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  • aliciafaciane

Art on the Road: the good, the bad, and the BUMPY!

Since I've moved into an RV and no longer have a kiln of my own I started firing my work with local community centers. This has been a wonderful thing... mostly. Connecting with communities and supporting these art centers while still being able to create on the road feels amazing! It's exactly what I was hoping for in making my artwork on the road and making connections in communities in which I'm traveling. Kilns are out there!

Notably, it does take time to set up these firings, which means trying to contact a location before I'm there. This can get a little tricky with route planning. Sometimes this works out, sometimes not. I will say that to date, art centers have been easier to work with than working with individual artists. Getting to work with independent artists has been much harder than anticipated. I've been contacting many artists initially through their website but sadly don't get many replies. This has opened my eyes to the lack of good ways to reach and communicate with many artists. Don't get me wrong, there are artists who are very responsive, but mostly I've been finding the ones that rarely check their website or email. I'm not sure if this is just bad luck or timing. While it's no new discovery that many artists beat to their own drum, it just kinda seems like many beat to their own clock as well and that makes it really challenging to work with them.

The ceramic pieces have been traveling pretty well in the RV minus the valuable space they take up, the shipping on the other hand has been horrible!

There is no nicer way to say it, shipping artwork sucks!

Recently I shipped a consignment order to a museum that carries my work back in Louisiana. After a few days my order arrived with 4 pieces damaged. What could survive one month of traveling in an RV could not survive two days with the postal service. And YES, it was really well packed! Bummer, but I'd bought insurance so I wasn't super bummed. Enter USPS, the bummer delivery service. They informed me that my claim was denied. Why? Insufficient proof of value.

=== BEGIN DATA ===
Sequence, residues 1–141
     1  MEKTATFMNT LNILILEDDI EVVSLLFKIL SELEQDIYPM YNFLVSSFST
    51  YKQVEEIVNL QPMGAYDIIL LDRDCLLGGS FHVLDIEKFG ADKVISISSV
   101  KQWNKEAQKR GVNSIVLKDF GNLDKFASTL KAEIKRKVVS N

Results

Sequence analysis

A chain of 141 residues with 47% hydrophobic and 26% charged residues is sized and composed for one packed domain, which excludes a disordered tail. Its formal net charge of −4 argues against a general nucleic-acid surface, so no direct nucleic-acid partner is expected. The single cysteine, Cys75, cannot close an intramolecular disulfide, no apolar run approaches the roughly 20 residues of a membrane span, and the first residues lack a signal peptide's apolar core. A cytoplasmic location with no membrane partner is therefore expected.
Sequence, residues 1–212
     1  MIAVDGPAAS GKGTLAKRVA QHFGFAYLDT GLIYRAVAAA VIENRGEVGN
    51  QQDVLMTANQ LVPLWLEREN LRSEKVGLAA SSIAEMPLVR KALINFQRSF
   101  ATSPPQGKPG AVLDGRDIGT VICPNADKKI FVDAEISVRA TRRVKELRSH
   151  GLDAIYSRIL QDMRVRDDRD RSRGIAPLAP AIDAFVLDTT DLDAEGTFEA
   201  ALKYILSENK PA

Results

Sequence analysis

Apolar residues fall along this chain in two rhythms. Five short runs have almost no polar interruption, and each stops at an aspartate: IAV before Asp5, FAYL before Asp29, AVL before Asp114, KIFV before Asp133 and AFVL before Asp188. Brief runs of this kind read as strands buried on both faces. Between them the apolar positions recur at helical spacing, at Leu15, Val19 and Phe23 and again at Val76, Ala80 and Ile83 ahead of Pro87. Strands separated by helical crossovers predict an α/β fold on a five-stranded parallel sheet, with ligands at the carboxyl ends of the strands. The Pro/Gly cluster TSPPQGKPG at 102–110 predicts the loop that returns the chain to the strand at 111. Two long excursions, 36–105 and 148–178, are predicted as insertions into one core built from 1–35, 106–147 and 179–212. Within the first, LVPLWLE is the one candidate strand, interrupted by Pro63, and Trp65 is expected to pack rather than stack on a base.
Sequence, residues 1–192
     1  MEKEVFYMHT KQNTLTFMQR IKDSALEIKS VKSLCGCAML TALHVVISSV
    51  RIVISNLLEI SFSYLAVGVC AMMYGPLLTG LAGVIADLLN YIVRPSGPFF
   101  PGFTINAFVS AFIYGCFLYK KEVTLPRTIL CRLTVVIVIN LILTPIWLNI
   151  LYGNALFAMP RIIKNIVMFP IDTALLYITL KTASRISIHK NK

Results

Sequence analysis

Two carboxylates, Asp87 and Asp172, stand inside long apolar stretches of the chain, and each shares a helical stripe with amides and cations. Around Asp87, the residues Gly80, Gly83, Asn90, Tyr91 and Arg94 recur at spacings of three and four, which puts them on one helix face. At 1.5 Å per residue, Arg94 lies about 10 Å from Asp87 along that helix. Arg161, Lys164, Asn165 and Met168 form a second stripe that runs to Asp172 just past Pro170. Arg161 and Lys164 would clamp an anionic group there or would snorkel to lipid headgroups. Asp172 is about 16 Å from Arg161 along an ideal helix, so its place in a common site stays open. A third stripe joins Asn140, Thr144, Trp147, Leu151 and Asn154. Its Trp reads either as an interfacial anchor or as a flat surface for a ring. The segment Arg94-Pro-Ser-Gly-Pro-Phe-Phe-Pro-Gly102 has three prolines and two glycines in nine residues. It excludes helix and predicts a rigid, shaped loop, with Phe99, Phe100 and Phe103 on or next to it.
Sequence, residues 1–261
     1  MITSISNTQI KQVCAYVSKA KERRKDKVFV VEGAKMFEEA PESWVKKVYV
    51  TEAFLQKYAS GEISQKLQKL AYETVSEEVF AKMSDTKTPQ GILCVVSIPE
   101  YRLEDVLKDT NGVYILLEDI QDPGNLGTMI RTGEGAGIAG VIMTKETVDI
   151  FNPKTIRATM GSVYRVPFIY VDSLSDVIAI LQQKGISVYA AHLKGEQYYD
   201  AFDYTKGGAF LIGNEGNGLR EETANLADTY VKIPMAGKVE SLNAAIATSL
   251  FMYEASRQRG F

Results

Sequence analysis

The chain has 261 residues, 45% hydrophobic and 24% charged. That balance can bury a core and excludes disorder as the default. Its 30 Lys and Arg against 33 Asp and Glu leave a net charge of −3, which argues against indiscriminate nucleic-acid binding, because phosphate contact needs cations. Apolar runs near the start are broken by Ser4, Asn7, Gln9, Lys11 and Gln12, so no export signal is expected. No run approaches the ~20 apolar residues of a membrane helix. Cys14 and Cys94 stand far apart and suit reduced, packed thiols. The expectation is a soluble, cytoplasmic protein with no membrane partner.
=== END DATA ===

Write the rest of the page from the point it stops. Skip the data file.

OK, I get it, they need proof! Afterall, these are consignment pieces not pieces with receipt of sales attached. So I filled out ALL the paperwork (there was a ton) and gave them documentation of the worth of my work.

For most claims a picture of broken pieces would suffice but not for the USPS!

They requested that the museum bring them evidence of the damaged goods. Thankfully the museum is wonderful and complied with this request. The museum cares and is really trying to help me with this overly complex process of jumping through hoops to validate my claim. The post office kept the shards of my artwork, the box it was shipped in and the packaging. Oddly they will reimburse the museum and not me solidifying that even with all of the explanation about consignment artwork, they have no clue what consignment means.

Just to be clear, consignment means that the work is on display to be sold and once sold the percentages of sales will be split according to contract between the business and artist.

Not only is the USPS requesting an insane amount of documentation for this claim but they want it in a very quick response time. The problem is that in response to digital claims they send a physical mailed response. Why would you send a mail response to a digital claim?!? The postal service is even taking the time it takes for them to deliver their response mail out of the allowed response time. So if it takes them longer to deliver the mail, that's less time for me to respond to the snail mail, but digitally . . . Groans!

End of Rant.

Two things have happened as a result of this unfortunate event. One, I will no longer be using USPS and their "insurance" for shipping artwork. Two, I'm changing my artwork on the road. Much of the work I'm putting out into the world is on consignment and I do not believe USPS is unique in its inability to understand the cost of a consignment item versus a sold retail item.

So if you want a robot, go to The Hilliard Art museum in Lafayette, Louisiana. They have the last robot tumblers and mugs I will make for some time. I'll make more functional forms one day, but not while on the road. I just can't stand to see any more of these robots in ruins. They were meant to be drinking buddies, not broken shards.

And if you are wondering, why robots? Check out My Robots from their Beginning

Honestly, I knew my clay work would need to change on the road. I was thinking the cumbersome nature of carrying ceramic items with their size and weight or the lack of space to make using clay would be the cause of this shift. Turns out it was shipping breakable items without the assurance of being able to use insurance that is the untenable situation causing this creator to change course.

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